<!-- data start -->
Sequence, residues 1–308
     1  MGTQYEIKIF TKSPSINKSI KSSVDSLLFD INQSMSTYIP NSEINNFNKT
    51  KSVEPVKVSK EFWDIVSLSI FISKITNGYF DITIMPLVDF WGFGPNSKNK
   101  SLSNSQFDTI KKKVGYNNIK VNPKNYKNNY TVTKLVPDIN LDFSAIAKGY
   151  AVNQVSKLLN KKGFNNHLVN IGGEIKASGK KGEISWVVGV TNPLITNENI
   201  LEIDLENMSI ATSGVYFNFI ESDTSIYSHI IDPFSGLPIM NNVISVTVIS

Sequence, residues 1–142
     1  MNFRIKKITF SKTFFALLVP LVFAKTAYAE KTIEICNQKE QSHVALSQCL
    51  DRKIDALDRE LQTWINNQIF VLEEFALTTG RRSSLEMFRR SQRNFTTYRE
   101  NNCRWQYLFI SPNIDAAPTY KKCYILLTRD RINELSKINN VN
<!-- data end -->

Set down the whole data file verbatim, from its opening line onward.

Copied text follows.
Sequence, residues 1–308
     1  MGTQYEIKIF TKSPSINKSI KSSVDSLLFD INQSMSTYIP NSEINNFNKT
    51  KSVEPVKVSK EFWDIVSLSI FISKITNGYF DITIMPLVDF WGFGPNSKNK
   101  SLSNSQFDTI KKKVGYNNIK VNPKNYKNNY TVTKLVPDIN LDFSAIAKGY
   151  AVNQVSKLLN KKGFNNHLVN IGGEIKASGK KGEISWVVGV TNPLITNENI
   201  LEIDLENMSI ATSGVYFNFI ESDTSIYSHI IDPFSGLPIM NNVISVTVIS

Sequence, residues 1–142
     1  MNFRIKKITF SKTFFALLVP LVFAKTAYAE KTIEICNQKE QSHVALSQCL
    51  DRKIDALDRE LQTWINNQIF VLEEFALTTG RRSSLEMFRR SQRNFTTYRE
   101  NNCRWQYLFI SPNIDAAPTY KKCYILLTRD RINELSKINN VN